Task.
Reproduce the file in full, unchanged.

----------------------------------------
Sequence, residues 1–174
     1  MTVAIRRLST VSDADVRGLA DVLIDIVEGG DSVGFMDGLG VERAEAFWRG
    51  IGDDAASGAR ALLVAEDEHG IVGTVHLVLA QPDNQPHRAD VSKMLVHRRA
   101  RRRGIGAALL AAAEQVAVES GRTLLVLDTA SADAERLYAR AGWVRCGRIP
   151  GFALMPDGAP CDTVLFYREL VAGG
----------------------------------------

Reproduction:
Sequence, residues 1–174
     1  MTVAIRRLST VSDADVRGLA DVLIDIVEGG DSVGFMDGLG VERAEAFWRG
    51  IGDDAASGAR ALLVAEDEHG IVGTVHLVLA QPDNQPHRAD VSKMLVHRRA
   101  RRRGIGAALL AAAEQVAVES GRTLLVLDTA SADAERLYAR AGWVRCGRIP
   151  GFALMPDGAP CDTVLFYREL VAGG